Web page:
Family and Medical Leave Act Suit Against School District Is Revived

By Mark Walsh — September 30, 2008 1 min read
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A federal appeals court has revived a lawsuit filed by a school district payroll supervisor who says he lost his job after asserting his rights under the federal Family and Medical Leave Act.

A three-judge panel of the U.S. Court of Appeals for the 11th Circuit, in Atlanta, reversed a federal district judge who had ruled for the Brevard County, Fla., school district in the case.

In its Sept. 30 decision in Martin v. Brevard County Public Schools , the appeals court said the payroll supervisor, Anthony G. Martin, had raised genuine factual issues in his suit and thus the school district did not warrant summary judgment in its favor.

The court said Martin was arguably entitled to leave under the federal law because he was caring for his granddaughter when the girl’s mother--Martin’s daughter--was scheduled to be deployed for overseas military duty in 2003.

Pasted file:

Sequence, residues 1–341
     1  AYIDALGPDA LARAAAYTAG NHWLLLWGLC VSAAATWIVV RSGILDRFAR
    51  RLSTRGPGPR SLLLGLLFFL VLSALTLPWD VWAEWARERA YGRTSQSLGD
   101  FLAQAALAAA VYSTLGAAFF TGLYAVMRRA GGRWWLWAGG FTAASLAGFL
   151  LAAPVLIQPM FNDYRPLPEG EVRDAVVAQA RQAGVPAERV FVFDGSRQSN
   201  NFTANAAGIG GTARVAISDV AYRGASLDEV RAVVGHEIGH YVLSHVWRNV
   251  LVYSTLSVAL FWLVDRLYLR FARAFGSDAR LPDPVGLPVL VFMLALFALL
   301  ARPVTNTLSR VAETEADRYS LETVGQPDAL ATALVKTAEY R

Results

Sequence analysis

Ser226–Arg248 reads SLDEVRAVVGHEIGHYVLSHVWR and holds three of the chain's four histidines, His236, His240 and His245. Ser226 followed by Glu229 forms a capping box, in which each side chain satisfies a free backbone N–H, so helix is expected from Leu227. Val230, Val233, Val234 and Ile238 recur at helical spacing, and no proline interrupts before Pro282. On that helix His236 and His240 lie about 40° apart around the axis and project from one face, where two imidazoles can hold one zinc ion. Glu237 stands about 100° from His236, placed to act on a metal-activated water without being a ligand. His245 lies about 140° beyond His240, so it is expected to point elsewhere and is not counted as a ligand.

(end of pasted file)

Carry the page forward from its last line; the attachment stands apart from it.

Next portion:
Before granting Martin the leave, school district officials had given him an unsatisfactory job evaluation in several areas and required him to fulfill an improvement plan, according to court documents. The district told Martin his employment contract would not be renewed if the FMLA leave kept the worker from fulfilling his improvement plan. Martin’s suit said the district’s actions interfered with his rights under the FMLA.

The appeals court said it was a matter of dispute whether Martin would have been able to fulfill his improvement plan had he not taken leave that was presumably valid under the federal law.

“Whether Martin would have been retained and his contract renewed if he had been able to complete the final three-plus weeks of his improvement plan is a matter of speculation,” the court said. “Martin was unable to complete the plan as a result of his being—at least arguably—on proper FMLA leave.”

The appeals panel sent the case back to federal district court for further proceedings.

A version of this news article first appeared in The School Law Blog.